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Tsa authority Form: What You Should Know

As you may recall, during the past year, various government bodies have received threats from terrorist groups, which have resulted in an increase in security requirements to be implemented at certain transportation Informational Response to TSA Letter of Investigation Notice This form is in response to that TSA Letter of Investigation Notice. We are providing our support to the TSA and your agency in order to provide information to you as necessary. This is not a formal public response from your agency. The information you are requested to provide is in the form of responses. You will review the contents of this document and submit the information and any additional responses (attachments) which you believe to be pertinent. This form is a response to your request to provide copies and/or a copy of the following: copies of documents in your possession that relate to your claim, including copies of any relevant Federal and/or State documents related to the above-noted threat to the United States, including, but not limited to (1) information from the Federal Bureau of Investigation (FBI), (2) information from Customs and Border Protection (CBP), (3) information from Transportation Security Administration (TSA), and (4) information from Transportation Security Officers (TSO). The following requirements apply to your request. Your agency must comply with all applicable laws, rules, and agency security-related directives regarding providing information on the above-noted threat. Your agency must provide your information in response to the above-noted threat and do not request any confidential, privileged, or sensitive information. Your agency may provide additional information regarding the request. Your agency must not provide information not otherwise permitted by law. Your agency may not disclose information that would violate any applicable rules, policies, or agreements. Your agency may not disclose information that would violate the law or interfere with the investigation or enforcement of federal, state, or local law, rule, or regulation. Your agency must comply with all applicable rules, policies, and security directives concerning the production and dissemination of information pertaining to threats to transportation security. The following are additional requirements for providing any information provided under this notice. If you are providing documents to be submitted under this form under penalty of perjury, make them available immediately to: ATTN: TSA, TSA-CR-20034 This letter is part of the TSA claims package that includes: (1) SF-95 Instructions, (2) SF-95 Claim Form, and (3) SF-95 Supplemental. Information Form.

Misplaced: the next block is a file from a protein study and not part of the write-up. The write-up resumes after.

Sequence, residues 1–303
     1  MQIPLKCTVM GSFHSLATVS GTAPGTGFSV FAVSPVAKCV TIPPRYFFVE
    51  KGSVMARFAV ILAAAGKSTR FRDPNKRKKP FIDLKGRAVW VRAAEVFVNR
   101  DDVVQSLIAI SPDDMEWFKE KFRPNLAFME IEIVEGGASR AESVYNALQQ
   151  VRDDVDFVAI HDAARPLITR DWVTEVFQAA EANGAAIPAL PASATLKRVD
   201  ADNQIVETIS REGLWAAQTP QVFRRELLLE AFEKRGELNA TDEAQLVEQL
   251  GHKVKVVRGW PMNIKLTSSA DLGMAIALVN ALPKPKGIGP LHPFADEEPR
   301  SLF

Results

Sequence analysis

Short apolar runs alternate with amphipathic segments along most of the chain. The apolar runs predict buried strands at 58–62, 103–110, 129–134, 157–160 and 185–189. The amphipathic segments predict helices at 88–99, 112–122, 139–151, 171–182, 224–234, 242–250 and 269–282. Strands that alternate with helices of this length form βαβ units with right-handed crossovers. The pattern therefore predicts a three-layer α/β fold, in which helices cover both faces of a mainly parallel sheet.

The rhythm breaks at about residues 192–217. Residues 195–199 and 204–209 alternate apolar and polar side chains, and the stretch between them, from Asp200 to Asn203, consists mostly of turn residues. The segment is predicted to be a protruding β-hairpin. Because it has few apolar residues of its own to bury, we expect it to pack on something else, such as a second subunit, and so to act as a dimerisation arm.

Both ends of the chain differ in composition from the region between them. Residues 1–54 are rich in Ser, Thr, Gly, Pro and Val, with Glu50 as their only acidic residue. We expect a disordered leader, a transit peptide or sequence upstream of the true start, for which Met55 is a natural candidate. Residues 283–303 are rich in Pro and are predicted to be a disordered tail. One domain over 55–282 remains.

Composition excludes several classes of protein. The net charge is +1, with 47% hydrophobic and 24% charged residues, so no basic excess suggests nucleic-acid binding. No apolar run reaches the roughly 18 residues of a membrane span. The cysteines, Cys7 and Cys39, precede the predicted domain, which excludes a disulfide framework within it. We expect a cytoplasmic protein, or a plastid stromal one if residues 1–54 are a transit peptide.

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A 19-year-old cancer patient, who is partially deafblind and paralyzed, spent a night in jail after TSA officers allegedly left her bloodied and bruised during airport security. The girl's mother, who is now suing the TSA, the airport, and airport police, claims that TSA agents wanted to conduct extra screening on her daughter. However, the girl resisted because she didn't understand what was happening due to her confusion. The mother further states that one agent forcefully put her disabled daughter on the ground, causing her head to hit the floor and leaving her bloody. Consequently, security arrested Hannah and placed her in jail. Later on, the charges were dropped. TSA refused to comment directly on the situation, but a spokesperson mentioned that passengers can call ahead of time to learn about the screening process for their specific needs or medical situations. Phillip Seigle, an investigative attorney and president of Charles Griffin Intelligence, joins the discussion. He mentions that this incident reflects poorly on the TSA unless they could argue that they believed the girl was a threat. However, it is difficult to justify treating a mentally impaired or physically disabled individual in such a manner. Seigle questions how they could reasonably justify wrestling her to the ground, especially considering her limited abilities. In airports, alarms frequently go off, but individuals don't typically get surrounded by a lot of people in response. Seigle speculates that the incident was likely captured on video, leading to the dropped charges. The conversation then transitions to the level of force used by the TSA, requiring them to only use the amount necessary to meet the threat. Excessive force is considered unacceptable, just like with any law enforcement agency. In this particular case, it falls under the American with Disabilities Act, and the lawsuit claims that the TSA...